News and Press Releases

Web Site Unlawfully Facilitated Distribution of Controlled Substances Following Completion of
On-Line Questionnaire

October 6, 2008

LISA A. STEVENS, 43, of Woodinville, Washington, pleaded guilty today in U.S. District Court in Seattle to Aiding and Abetting the Acquisition of Controlled Substances by Misrepresentation and Subterfuge, a felony offense punishable by up to four years in prison and a $250,000 fine.

According to court records, from 2004 through 2006, STEVENS operated IntegraRX, a drug prescription web site with offices in Kenmore, Washington. IntegraRX advertised for sale over the internet a variety of Schedule IV controlled substances. The method of operation was that a customer would order prescription drugs on the web site,, and pay for the drugs by credit card purchase payable to the web site. The customer would also fill out an on-line questionnaire provided by the web site, answering questions relating to their health. IntegraRX contracted with a number of out-of-state physicians to approve the prescriptions based upon the completed questionnaires, and out-of-state pharmacies to fill the prescriptions.

STEVENS was aware that none of the physicians with whom IntegraRX contracted, ever had any direct contact with, or conducted any physical examination concerning, the customer/patient for whom they were prescribing the drugs and who were receiving the drugs. None of the patients ever had any means of contacting the authorizing physicians. All of their contact was with the web site. The web site would simply forward the order and questionnaire to a contracting physician who would authorize the prescription sight unseen, and forward the prescription to a participating pharmacy, who would send the drugs by commercial carrier to the customer. IntegraRX sold the drugs at a premium, compensated the doctors and pharmacies, and kept a percentage of the profits generated through these customers orders. Hundreds of customer orders for Schedule IV controlled substances were completed and sent to customers, including drugs such as phentermine (marketed as Ionamin), and zolpiden (marketed as Ambien), among other Schedule IV controlled substances.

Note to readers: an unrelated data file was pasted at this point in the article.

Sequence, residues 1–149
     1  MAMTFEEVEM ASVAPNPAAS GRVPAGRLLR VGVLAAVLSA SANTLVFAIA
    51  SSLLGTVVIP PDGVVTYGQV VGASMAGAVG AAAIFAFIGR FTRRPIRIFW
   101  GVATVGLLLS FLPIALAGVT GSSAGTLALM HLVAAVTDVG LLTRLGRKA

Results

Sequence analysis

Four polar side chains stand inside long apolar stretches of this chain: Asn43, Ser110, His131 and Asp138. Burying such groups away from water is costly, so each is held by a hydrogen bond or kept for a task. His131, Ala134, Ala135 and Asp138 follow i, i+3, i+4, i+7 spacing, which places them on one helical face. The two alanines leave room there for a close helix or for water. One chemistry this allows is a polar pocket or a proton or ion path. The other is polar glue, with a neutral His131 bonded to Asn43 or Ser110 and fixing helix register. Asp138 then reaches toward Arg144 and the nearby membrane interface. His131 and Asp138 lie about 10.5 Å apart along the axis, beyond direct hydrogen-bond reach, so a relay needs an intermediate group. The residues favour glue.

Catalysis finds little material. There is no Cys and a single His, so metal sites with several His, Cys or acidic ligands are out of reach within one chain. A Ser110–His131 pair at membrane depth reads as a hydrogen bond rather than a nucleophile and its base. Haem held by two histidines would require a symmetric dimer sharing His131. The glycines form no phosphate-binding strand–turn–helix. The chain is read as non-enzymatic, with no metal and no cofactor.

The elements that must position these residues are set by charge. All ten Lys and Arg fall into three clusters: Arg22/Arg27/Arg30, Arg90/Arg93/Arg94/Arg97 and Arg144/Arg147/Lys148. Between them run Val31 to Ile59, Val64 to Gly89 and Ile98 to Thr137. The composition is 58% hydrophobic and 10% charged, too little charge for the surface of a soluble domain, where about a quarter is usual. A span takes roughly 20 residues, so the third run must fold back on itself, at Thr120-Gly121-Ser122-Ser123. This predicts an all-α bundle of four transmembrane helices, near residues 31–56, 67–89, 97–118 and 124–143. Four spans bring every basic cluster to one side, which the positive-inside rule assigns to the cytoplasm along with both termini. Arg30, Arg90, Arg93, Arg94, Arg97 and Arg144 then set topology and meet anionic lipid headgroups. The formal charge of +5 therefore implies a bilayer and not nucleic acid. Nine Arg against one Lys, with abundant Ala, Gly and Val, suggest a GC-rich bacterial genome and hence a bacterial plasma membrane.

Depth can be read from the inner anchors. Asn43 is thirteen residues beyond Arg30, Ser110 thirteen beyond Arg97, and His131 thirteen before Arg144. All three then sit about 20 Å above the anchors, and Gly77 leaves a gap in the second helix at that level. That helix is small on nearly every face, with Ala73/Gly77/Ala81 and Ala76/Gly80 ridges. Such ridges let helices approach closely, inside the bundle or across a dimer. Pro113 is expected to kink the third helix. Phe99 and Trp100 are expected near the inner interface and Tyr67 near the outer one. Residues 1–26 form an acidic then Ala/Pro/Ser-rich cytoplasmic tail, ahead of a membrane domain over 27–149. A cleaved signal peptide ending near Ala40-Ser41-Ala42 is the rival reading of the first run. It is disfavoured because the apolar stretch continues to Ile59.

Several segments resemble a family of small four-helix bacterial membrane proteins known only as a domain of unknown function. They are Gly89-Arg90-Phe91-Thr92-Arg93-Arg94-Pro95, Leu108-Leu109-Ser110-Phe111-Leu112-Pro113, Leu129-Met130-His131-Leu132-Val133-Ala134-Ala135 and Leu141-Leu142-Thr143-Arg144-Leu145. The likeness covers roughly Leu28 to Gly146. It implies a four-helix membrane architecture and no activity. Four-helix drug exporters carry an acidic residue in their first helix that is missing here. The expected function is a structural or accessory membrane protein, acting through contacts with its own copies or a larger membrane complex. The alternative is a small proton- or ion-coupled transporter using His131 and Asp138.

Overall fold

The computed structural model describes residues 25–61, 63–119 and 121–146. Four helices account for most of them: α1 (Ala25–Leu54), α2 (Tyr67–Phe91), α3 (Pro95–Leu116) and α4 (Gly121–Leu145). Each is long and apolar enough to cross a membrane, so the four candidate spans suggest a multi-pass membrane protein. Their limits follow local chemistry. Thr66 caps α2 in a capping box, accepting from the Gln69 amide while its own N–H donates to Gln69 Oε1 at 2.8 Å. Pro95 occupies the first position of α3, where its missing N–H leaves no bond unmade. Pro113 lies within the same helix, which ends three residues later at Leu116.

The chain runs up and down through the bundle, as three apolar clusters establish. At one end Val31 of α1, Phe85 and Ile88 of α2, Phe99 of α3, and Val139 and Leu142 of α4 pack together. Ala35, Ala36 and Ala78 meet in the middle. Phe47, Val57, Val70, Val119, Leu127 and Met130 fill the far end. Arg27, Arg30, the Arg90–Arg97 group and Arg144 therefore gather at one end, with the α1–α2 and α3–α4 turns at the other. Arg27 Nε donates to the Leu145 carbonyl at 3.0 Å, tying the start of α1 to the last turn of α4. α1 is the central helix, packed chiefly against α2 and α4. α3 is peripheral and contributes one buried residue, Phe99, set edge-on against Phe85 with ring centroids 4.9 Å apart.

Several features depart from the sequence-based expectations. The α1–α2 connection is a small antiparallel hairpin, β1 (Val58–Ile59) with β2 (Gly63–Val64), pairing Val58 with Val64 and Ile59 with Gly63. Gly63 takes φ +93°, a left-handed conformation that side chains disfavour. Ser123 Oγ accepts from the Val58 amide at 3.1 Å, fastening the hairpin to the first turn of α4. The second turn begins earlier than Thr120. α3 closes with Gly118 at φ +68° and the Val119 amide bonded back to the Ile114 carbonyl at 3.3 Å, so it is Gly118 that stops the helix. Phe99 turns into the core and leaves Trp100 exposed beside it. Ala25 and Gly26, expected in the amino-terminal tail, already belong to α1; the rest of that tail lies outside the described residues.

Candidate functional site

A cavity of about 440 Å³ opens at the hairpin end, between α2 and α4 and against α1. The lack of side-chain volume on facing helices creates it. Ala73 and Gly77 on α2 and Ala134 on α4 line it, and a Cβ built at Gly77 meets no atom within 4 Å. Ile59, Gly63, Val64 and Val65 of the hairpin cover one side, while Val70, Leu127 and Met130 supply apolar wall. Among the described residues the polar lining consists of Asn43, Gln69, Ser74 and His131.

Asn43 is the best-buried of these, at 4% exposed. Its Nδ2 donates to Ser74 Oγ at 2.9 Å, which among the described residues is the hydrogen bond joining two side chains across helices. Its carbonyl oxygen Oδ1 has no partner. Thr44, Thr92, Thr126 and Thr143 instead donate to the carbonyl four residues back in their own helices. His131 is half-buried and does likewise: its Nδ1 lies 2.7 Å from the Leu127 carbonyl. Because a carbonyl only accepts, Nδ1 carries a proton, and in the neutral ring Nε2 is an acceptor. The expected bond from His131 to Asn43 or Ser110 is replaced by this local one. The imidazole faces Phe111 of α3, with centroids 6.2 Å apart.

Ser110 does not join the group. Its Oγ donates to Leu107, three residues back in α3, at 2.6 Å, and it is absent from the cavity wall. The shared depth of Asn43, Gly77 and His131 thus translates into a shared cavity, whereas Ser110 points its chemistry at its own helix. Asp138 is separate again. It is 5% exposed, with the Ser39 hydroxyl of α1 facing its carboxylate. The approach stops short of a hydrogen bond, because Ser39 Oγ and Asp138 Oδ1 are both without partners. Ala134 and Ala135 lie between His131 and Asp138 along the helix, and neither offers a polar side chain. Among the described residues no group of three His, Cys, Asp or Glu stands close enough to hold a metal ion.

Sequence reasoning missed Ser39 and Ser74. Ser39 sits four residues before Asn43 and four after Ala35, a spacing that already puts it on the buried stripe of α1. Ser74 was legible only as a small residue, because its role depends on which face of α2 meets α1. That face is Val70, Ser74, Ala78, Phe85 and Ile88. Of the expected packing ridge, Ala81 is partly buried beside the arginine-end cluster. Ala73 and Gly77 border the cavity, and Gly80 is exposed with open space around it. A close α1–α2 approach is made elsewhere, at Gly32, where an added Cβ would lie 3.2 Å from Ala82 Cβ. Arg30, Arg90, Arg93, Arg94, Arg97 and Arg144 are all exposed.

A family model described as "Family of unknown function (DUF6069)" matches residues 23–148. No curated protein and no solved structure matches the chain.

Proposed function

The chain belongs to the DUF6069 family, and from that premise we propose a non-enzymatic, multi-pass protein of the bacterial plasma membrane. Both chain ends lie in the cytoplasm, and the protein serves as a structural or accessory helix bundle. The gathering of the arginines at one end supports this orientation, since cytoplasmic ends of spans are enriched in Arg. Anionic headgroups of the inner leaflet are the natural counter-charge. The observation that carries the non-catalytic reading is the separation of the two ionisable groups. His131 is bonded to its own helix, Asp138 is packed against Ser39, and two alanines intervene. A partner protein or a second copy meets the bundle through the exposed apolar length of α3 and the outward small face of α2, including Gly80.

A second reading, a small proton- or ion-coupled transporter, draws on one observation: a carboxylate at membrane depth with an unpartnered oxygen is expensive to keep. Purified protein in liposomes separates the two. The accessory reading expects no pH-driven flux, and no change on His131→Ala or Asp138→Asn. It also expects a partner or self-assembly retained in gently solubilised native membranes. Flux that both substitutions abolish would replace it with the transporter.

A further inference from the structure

Federal law requires that in order to be lawful, any dispensing of controlled substances by a physician must be based upon a valid physician-patient relationship by a treating physician. This requires more than completion of an on-line questionnaire and forwarding that questionnaire to the physician. It requires real consultation with, and examination by, a treating physician who is prescribing the drug based upon that physician’s examination. In the case of IntegraRX, by design, the physician never met with, examined, or spoke with the customer. No independent verification of information set forth on the questionnaire was ever possible. The patients were never able to speak with the doctors and the doctors were never able to speak with the patients. Instead, IntegraRX operated simply as an on-line facilitator of the unlawful distribution of controlled substances. LISA A. STEVENS helped organize the business, establish its unlawful method of operation, and carried on its operations.

In performing the above actions, STEVENS knowingly, intentionally, and unlawfully acquired, facilitated, and aided and abetted others in acquiring controlled substances by misrepresentation and subterfuge in violation of federal law.

National statistics show an increasing level of unlawful diversion and abuse of pharmaceutical controlled substances, including acquiring the drugs unlawfully over the internet. The United States will continue to target those unlawful web site operators and individuals who are using the internet to unlawfully acquire and distribute controlled substances. Individuals are reminded that it is a violation of federal law to acquire a controlled substance over the internet without a valid and lawful medical prescription.

STEVENS is scheduled to be sentenced by United States District Judge Ricardo S. Martinez on January 9, 2009.

The business operations of IntegraRX terminated in August 2006, following execution of a federal search warrant at the Kenmore business premises. Computers, computer equipment, and servers were seized and have since been forfeited to the United States.

This case is part of a continuing Organized Crime and Drug Enforcement Task Force (OCDETF) investigation focused upon the unlawful diversion of pharmaceutical controlled substances within the Western District of Washington and elsewhere.

The case was prosecuted by Assistant United States Attorneys Ronald J. Friedman and Douglas B. Whalley.

For additional information please contact Emily Langlie, Public Affairs Officer for the United States Attorney’s Office, at (206) 553-4110.

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